But the sun came out when the health visitor arrived (not literally, sadly - my hairy hound from hell, who had to be shut in the garden while she crossed the threshold before being brought in for a proper introduction, ended up all soggy and forlorn) and she amazed me with her confidence and inclination to be sociable.
The checks themselves were ridiculously easy for her and she demonstrated a range of things that weren't being checked, like imaginative play (making mummy be a dog and leading me round on the aforementioned hound's lead), language development (talking constantly!) and kindness (giving said hound a cuddle when she accidentally stood on his foot).
And as a result, the official verdict is "excellent communication and development" and "very sociable" with "no concerns".
I can't describe how proud that makes me, which is actually a strange feeling. Not for the obvious reasons, including the fact that our once non-existent bond is now so strong, but because it is coupled with a sort of dread of the future.
I'm desperate not to heap the kind of pressure on her to be perfect that I experienced but am already slipping into dangerous territory - who knows how I would have reacted if the conclusionss had not been so overwhelmingly positive today?
But as usual, the positive of this situation is that I'm aware of it and will try to keep myself in check. Because if I can't, god help us all when it's time for her GCSEs!

Wednesday, 6 May 2009

Oh dear...

Don't let the title fool you - there has been no crisis and in fact this is a very rare self-aware post...I hope!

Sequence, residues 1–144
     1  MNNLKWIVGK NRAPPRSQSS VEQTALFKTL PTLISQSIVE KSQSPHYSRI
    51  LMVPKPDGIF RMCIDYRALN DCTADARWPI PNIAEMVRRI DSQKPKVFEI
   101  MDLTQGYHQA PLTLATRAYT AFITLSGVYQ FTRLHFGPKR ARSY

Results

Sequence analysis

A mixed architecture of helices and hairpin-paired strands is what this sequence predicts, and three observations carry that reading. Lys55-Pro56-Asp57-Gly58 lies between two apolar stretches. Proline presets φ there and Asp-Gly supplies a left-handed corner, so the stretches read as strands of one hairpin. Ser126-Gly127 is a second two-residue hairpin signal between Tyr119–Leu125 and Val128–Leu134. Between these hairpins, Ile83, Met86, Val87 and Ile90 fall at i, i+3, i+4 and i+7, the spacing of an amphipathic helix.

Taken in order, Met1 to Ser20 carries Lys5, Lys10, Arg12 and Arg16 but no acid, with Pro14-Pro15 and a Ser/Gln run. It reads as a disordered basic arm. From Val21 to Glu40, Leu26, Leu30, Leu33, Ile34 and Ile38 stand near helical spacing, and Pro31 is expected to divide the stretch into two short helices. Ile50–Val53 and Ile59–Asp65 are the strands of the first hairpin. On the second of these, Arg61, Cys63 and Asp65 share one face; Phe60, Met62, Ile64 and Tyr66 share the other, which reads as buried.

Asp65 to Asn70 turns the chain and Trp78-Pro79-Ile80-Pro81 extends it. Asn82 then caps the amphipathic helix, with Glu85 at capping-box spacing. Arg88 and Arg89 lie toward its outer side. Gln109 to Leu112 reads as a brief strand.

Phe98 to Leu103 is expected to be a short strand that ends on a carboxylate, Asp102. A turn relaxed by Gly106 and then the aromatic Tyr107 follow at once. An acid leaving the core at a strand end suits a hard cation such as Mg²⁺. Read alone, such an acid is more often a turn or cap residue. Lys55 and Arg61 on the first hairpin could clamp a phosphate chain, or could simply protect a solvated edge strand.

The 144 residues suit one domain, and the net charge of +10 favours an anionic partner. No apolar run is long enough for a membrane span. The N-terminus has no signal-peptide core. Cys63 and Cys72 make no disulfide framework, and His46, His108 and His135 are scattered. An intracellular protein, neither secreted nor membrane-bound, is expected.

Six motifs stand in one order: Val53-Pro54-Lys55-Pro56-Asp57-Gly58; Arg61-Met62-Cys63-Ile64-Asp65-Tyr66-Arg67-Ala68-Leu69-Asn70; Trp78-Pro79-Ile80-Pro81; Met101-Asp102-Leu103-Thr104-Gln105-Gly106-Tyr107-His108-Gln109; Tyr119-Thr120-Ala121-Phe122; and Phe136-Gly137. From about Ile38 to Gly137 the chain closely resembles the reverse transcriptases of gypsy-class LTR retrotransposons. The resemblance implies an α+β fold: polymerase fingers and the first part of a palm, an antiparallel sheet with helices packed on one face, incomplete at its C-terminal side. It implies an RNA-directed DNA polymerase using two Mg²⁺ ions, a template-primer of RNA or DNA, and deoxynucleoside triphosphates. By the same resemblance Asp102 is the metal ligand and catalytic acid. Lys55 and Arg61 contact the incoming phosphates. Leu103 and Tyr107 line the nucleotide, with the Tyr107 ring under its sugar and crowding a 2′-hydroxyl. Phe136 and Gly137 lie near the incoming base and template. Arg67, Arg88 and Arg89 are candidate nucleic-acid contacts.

Miss T has her two to three year developmental check on Friday and it's something that has had a strange effect on me.
When the health visitor rang to make the appointment, my first instinct after putting down the phone was to Google the check to find out what it involved.
I have so far resisted.
Which is a good thing. Because I wasn't going to Google for my own interest, I planned to then tutor my two-year-old to make sure she "passed".
Luckily, I recognised this as a completely ridiculous response. According to a parent friend of mine, "everyone" has tutors now for the 11+ (which is an archaic Kent test to stream people for grammar schools if you're not from round here!) and loads of people also have tutors for SATS but for two year olds? Really??? Even I could tell that would be a bit over the top.
However, it's not all good news. I have resisted the Googling, and resisted the tutoring, but I can't shake the feeling that if she fails (which she can't - it's not a pass/fail situation!) then I'm a BAD PARENT.
And I have had a few sneaky conversations with people who have told me some of what it involves, and I'm fairly confident she'll be fine, but even if she's not that should be fine. If that makes sense. Sorry if it doesn't - it's been a long day!
My point is - why can't I just accept her as she is? Why is there this constant quest for perfection? If I'm this bad now, what will I be like at SATs time? Or the 11+? And let's not even think about GCSEs and beyond! (although please note how I phrased that - deliberately leaving out the assumption that she'll stay on for sixth form and then go to a top university before becoming prime minister...)
Oh dear.
There's not really much else to say, is there? But of course I'll let you know how she gets on - I wonder if there'll be a score? I wonder how to find out what the highest score ever achieved is??? ; )